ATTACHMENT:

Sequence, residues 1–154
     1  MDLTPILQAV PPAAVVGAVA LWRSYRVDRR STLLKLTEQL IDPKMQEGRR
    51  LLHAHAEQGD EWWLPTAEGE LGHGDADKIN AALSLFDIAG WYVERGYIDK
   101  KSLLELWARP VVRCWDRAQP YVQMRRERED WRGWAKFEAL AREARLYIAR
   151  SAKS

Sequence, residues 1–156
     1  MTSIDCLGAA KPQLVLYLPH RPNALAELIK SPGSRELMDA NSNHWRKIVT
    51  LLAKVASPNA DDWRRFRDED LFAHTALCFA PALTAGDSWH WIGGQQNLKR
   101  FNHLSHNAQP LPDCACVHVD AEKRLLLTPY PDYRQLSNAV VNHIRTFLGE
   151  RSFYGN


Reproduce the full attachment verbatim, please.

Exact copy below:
Sequence, residues 1–154
     1  MDLTPILQAV PPAAVVGAVA LWRSYRVDRR STLLKLTEQL IDPKMQEGRR
    51  LLHAHAEQGD EWWLPTAEGE LGHGDADKIN AALSLFDIAG WYVERGYIDK
   101  KSLLELWARP VVRCWDRAQP YVQMRRERED WRGWAKFEAL AREARLYIAR
   151  SAKS

Sequence, residues 1–156
     1  MTSIDCLGAA KPQLVLYLPH RPNALAELIK SPGSRELMDA NSNHWRKIVT
    51  LLAKVASPNA DDWRRFRDED LFAHTALCFA PALTAGDSWH WIGGQQNLKR
   101  FNHLSHNAQP LPDCACVHVD AEKRLLLTPY PDYRQLSNAV VNHIRTFLGE
   151  RSFYGN